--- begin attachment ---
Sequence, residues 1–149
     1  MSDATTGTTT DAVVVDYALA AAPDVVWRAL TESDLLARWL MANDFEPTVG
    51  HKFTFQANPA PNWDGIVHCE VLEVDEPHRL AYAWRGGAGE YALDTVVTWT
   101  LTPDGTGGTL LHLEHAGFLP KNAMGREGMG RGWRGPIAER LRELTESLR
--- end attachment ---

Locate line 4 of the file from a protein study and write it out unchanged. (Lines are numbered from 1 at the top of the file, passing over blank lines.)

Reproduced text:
   101  LTPDGTGGTL LHLEHAGFLP KNAMGREGMG RGWRGPIAER LRELTESLR